Recently I’ve been researching Homo erectus which was an ancient human ancestor who lived throughout most of the Pleistocene geological epoch from about 1.9 mya to 70 kya. I came across a video (see below) featuring Paleoanthropologist Dr John Hawks of the University of Wisconsin-Madison and in that video he notes three important things.
First, Homo habilis (aka: Handyman, Tool Man) which existed before Erectus didn’t have much of a browridge and secondly when the early H erectus appeared it didn’t have much of a browridge either. However, thirdly when later H. erectus appeared it had a very distinct browridge!
Now wouldn’t you think it would be the opposite? Shouldn’t H. habilis have had a distinct browridge and early H. erectus? And wouldn’t you expect later H. erectus to have little to no browridge at all? But it’s just the opposite an that makes for some interesting debate.
That led me back to Dr Susan Martinez a Paleoanthropologist and author of several books including “The Mysterious Origins of Hybrid Man.” In that book she postulates that H habilis did not evolve from anything! Nor did H. erectus! Nor did modern humans, H. sapiens! Her theory is that there were many different species of “humans” which coexisted for various lengths of time and they interbred with one another. Thus, humans became the hybrids we are today in her opinion.
So is this what happened with later H. erectus? Did later H. erectus interbreed with a more primitive hominid species and this is why we find prominent browridges in the later? Wouldn’t that be DE-evolution?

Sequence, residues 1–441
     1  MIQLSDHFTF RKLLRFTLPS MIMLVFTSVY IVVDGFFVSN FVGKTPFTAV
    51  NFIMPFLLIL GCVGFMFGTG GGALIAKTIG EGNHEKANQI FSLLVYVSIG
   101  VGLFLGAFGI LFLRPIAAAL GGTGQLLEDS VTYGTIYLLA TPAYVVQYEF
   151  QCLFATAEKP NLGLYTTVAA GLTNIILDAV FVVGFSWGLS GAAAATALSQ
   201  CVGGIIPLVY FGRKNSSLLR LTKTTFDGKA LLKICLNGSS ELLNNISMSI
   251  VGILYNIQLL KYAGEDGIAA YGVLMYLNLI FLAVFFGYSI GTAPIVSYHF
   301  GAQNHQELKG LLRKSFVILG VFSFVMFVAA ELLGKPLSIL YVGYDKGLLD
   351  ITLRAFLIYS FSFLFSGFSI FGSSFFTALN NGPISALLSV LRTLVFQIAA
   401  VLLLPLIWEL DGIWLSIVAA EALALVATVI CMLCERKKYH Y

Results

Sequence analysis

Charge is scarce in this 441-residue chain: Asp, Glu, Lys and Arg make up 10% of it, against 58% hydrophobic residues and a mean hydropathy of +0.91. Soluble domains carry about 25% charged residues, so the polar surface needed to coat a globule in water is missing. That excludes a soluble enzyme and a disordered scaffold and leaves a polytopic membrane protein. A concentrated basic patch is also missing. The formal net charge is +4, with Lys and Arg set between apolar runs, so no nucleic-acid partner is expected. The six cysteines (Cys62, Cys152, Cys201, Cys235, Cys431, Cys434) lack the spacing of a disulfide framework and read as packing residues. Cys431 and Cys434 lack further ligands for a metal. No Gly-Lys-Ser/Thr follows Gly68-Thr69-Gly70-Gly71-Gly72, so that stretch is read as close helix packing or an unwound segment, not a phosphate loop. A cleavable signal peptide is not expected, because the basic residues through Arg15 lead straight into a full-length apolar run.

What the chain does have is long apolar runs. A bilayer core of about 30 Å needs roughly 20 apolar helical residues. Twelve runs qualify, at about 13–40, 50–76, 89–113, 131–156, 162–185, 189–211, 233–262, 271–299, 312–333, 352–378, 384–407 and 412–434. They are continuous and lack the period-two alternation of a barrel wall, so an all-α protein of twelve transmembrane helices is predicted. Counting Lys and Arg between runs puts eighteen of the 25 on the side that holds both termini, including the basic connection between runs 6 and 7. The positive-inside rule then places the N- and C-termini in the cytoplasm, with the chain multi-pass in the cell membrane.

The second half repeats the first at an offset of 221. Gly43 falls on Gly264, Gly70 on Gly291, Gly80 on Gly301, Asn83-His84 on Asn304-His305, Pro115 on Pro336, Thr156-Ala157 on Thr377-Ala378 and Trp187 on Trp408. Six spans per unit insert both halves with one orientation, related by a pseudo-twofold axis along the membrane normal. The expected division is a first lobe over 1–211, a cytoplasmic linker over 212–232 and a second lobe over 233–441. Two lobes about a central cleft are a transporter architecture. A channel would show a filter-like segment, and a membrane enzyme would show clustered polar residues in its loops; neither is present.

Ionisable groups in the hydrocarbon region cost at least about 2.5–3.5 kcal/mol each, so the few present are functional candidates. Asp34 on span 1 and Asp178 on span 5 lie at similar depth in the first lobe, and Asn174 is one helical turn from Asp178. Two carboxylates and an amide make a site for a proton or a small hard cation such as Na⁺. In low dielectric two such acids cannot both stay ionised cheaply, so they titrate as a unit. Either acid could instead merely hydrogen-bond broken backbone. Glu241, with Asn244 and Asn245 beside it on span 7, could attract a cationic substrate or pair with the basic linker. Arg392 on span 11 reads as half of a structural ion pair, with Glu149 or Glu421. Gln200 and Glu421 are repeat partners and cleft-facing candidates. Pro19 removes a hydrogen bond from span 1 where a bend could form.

I don’t agree with everything Dr Martinez postulates BUT many of her ideas and theories seem to have some merit. If she is correct then it turns evolution upside down because it means we didn’t evolve from anything nor did H. erectus or any of the rest of the ancient human ancestors. It means that several species of AHA co-existed and interbred. Some of these interbreedings resulted in evolution (growth, advancement) but some resulted in de-evolution and that’s amazing in my estimation!
And then we come to the Neanderthals! They had bigger brains than we do today yet we’ve been made to believe they were the stereotypical “cave man.” I never have agreed with that concept and still don’t. And since we know Neanderthals were ancestors of modern humans then how do we explain their having bigger brains than modern humans?
Something is not right about the evolutionary picture! What we should see in early H. erectus is a more primitive type with thick browridges and H. habilis should have one too. But, instead, we see the reverse! We see what appears to be a de-evolution and we see that between Neanderthals and modern humans too in terms of brain size.
Just one more of the “mysteries” of our evolution BUT if Martinez is right then really it is no mystery at all.
BTW one other thing. Fossils are not plentiful contrary to popular misconception and when it comes to ancient human ancestor fossils mostly what we find is a piece of the skull or mandible but the face is missing along with all of the other soft tissue. As Dr Martinez notes, when we reconstruct them we can give them the face of an ape or the face of a philosopher! That’s very true in fact because the soft tissue is obviously degraded and missing.